Operations at "critical speed"

But if the air resistance of a football were to depend on the speed as shown in the penultimate figure, then this would have immense consequences for the game. With every somewhat stronger shot, the speed of which is above the "critical speed", the air resistance would initially increase with decreasing speed, run through a maximum and then decrease again. The trajectory of the ball would look strange - the ball would "flutter" in the air.

The previous considerations were only valid for a perfectly smooth ball the size of a soccer ball. Every football, even the smooth “team spirit” ball from the last World Cup in 2006, has seams or other roughening on the surface. This rough surface now ensures that microscopic eddies occur in the boundary layer even at very low speeds. These eddies are effectively detached by the unevenness on the surface and prevent the large eddies from forming, which otherwise determine the air resistance. Overall, there is a net gain, because the swirled boundary layer causes a reduction in the overall air resistance, as the figure above shows. Furthermore, it is also prevented that there is such a thing as a “critical speed” above which the air resistance decreases. The air resistance is then a monotonically increasing function of the speed, as can be seen in the figure.

Air resistance for a real soccer ball

The red curve is the measurement of air resistance for a real soccer ball, as the Englishman John Wesson did for his book The Science of Soccer carried out at an airfield with a self-made apparatus. You can now see that there is an almost even increase, which is indicated by the blue straight line with the formula F.Airw. = βv can be approximated. The air resistance of a soccer ball is therefore an evenly increasing function. The reason for this is its irregularly shaped surface due to the seams.

Why didn't I just show you the air resistance curves of all balls, as indicated by the manufacturers for balls such as the "Teamgeist" ball, but the measurement above by "Amateurs" John Wesson, which he made for a conventional soccer ball in 2001 ? Quite simply: the manufacturers do not specify these curves anywhere! The curve above is like the “Coca-Cola formula” of a soccer ball - the secret recipe from which all flight characteristics can be determined! The exact air resistance curve must therefore be measured precisely in the wind tunnel for every new model of a football with a new surface structure, so that one can be absolutely certain that the phenomenon of critical speed does not occur and the ball does not start to "flutter" at high speeds. However, measurements in the wind tunnel are expensive and not affordable for ordinary people. You don't want to leave them to the competition "for free" - that's why there are no air resistance curves from soccer ball manufacturers.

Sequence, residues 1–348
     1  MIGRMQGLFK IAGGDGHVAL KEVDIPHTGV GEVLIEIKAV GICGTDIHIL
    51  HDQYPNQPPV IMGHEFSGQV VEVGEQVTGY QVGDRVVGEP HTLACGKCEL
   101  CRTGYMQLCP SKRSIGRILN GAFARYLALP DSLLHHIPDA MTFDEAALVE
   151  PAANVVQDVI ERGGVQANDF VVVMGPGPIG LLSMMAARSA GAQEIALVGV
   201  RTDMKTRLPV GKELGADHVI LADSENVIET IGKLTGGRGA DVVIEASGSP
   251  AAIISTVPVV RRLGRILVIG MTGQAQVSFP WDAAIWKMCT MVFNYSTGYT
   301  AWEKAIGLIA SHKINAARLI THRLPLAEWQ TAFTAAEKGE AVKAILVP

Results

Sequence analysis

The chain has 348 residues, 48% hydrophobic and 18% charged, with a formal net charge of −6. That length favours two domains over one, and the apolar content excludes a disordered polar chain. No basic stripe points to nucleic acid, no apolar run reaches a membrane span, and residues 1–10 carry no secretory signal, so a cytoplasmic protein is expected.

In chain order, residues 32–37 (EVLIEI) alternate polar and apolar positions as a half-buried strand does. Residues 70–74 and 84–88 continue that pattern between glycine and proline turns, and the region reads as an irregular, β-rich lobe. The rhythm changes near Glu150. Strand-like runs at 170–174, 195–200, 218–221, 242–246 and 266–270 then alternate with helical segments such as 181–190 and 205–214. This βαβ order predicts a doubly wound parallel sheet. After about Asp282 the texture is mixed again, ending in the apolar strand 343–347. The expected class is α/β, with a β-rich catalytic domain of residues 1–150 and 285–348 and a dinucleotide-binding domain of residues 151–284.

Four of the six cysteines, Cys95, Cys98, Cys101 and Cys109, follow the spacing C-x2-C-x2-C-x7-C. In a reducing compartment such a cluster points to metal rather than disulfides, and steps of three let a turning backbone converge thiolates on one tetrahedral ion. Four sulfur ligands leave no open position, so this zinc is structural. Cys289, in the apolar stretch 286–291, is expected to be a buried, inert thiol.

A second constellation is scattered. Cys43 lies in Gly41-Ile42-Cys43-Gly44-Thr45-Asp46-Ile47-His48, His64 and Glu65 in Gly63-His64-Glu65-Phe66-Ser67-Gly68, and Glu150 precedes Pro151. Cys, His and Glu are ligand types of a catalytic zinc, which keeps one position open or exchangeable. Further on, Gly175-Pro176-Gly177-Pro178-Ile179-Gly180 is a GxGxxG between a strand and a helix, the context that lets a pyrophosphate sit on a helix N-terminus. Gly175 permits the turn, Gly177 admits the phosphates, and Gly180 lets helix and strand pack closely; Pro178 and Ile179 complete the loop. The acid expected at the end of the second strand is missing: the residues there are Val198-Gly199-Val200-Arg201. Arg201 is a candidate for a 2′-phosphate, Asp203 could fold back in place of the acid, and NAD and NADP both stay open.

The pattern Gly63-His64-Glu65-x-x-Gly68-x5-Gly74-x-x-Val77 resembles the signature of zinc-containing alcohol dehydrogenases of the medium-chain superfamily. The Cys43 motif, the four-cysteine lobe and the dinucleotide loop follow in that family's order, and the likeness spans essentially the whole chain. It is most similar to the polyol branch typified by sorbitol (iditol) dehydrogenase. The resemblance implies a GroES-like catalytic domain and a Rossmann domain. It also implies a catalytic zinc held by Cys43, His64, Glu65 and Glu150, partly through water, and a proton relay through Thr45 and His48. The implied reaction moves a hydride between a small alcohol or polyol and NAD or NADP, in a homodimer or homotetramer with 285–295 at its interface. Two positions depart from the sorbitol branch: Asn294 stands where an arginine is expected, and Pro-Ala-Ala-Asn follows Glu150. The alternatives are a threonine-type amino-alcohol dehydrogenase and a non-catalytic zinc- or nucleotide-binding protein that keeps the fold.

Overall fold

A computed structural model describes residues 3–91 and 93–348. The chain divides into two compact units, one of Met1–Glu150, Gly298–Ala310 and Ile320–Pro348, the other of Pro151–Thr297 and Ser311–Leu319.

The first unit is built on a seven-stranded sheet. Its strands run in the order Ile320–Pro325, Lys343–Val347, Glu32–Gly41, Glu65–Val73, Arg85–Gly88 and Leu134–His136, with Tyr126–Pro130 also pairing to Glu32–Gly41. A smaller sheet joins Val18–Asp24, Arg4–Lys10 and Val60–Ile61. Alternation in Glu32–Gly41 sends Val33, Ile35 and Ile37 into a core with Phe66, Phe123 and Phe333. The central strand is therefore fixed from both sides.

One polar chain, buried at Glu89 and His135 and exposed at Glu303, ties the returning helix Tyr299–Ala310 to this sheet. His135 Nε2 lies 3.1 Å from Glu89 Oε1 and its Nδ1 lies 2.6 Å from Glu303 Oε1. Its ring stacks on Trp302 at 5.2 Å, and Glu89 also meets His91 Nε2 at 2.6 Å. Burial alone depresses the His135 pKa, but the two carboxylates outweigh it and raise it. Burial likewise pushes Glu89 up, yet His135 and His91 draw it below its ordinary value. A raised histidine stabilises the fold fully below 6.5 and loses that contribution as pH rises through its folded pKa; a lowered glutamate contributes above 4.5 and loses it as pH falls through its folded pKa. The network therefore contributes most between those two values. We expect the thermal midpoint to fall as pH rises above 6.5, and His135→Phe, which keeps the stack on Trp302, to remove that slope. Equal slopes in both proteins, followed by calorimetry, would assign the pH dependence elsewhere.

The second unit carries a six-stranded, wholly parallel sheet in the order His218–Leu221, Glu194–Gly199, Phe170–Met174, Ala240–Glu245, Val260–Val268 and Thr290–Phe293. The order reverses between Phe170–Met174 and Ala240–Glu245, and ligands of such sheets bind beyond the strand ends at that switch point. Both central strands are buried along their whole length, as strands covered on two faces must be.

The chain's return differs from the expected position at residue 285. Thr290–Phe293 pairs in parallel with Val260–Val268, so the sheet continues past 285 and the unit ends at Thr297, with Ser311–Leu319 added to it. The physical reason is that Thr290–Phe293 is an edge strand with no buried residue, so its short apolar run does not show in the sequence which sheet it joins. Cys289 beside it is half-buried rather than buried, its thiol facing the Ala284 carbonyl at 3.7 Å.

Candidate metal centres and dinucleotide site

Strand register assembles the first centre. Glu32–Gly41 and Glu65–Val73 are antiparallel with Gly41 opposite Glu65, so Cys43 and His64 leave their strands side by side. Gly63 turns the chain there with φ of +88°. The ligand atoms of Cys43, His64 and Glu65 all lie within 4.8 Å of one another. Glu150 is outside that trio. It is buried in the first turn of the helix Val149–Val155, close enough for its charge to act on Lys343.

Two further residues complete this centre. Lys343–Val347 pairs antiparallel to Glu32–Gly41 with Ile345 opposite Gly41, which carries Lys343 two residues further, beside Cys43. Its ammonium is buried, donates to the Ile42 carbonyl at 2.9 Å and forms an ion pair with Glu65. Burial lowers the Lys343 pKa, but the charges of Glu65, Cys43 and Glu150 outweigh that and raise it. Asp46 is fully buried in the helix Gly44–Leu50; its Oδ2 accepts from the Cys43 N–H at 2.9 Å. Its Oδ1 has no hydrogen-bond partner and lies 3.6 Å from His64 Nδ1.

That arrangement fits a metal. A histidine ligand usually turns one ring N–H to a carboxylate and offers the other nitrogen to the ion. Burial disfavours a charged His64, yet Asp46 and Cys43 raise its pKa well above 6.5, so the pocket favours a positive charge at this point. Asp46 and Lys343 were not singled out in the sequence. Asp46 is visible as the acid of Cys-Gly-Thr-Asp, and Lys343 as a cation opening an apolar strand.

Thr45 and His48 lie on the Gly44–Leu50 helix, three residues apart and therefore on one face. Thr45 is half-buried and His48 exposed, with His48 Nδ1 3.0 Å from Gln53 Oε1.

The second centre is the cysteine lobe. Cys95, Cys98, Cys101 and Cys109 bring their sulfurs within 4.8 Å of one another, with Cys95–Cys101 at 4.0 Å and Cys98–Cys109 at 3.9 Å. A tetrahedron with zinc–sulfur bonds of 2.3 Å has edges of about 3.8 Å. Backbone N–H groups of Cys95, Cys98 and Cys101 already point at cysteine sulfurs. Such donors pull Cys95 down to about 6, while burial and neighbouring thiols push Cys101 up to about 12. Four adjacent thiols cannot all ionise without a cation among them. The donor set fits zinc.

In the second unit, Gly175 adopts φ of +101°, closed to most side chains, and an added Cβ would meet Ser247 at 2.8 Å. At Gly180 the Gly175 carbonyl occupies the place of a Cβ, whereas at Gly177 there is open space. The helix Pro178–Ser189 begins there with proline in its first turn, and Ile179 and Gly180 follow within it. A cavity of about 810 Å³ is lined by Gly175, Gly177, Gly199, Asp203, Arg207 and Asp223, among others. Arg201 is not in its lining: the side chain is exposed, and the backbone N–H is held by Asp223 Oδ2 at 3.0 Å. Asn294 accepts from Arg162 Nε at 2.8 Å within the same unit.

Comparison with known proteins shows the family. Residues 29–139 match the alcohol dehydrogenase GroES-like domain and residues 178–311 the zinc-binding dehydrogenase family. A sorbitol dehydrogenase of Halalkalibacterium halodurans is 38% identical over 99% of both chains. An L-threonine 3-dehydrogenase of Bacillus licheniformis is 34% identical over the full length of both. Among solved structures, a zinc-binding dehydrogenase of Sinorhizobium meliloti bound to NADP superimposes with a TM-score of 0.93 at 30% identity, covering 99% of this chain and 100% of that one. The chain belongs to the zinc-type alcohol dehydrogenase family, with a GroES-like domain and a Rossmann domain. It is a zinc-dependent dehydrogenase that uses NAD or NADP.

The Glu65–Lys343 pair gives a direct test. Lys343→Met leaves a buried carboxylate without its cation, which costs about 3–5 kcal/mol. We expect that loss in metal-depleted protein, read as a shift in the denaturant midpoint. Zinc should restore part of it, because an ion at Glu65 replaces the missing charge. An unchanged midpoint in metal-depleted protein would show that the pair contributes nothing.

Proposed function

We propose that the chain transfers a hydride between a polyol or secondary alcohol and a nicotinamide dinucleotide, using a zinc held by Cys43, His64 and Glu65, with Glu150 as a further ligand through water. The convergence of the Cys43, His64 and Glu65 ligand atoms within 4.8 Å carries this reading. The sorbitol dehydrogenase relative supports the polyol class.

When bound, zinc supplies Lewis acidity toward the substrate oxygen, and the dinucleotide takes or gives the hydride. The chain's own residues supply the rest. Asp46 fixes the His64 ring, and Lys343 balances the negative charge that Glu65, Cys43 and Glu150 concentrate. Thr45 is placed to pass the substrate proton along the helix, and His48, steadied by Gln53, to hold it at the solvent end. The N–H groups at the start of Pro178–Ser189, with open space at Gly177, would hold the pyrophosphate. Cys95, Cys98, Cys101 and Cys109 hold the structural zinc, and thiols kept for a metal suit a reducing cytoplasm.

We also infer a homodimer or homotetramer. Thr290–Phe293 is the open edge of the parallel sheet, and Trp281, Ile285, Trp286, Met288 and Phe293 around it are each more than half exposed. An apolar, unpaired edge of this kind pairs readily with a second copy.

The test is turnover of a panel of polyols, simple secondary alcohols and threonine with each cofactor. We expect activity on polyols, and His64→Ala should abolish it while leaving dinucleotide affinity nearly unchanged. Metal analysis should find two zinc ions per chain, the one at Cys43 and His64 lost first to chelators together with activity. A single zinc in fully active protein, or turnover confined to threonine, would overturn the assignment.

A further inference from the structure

In conclusion, we can say that a football only flies so evenly through the air because it has a rough surface. These irregularities of the surface reduce its air resistance and it usually does not “flutter”. Instead, professionals such as Thorsten Frings allow it to be passed over many meters to the teammate in order to score decisive goals. The air resistance curve of a good football, i.e. the air resistance as a function of the speed of the football, should therefore be a steadily increasing, almost straight line. If you know this curve, you also know the exact flight characteristics of the ball. This air resistance curve is just as important for the manufacturer as the "Coca-Cola formula" for the drink of the same name.

As you have seen, football can be quite complicated at times. The mere flight of a soccer ball through the air is a highly complex process from a physical point of view, and I haven't told you everything yet.

Know more? The banana flank

Book reference

More detailed descriptions of the flight of a football can be found in the book by John Wesson, The Science of Soccerthat was released in 2002. This very readable book was translated into German in 2005 and is published by the Spektrum-Verlag (Elsevier) under the titleFootball - science with a kick for 15 euros.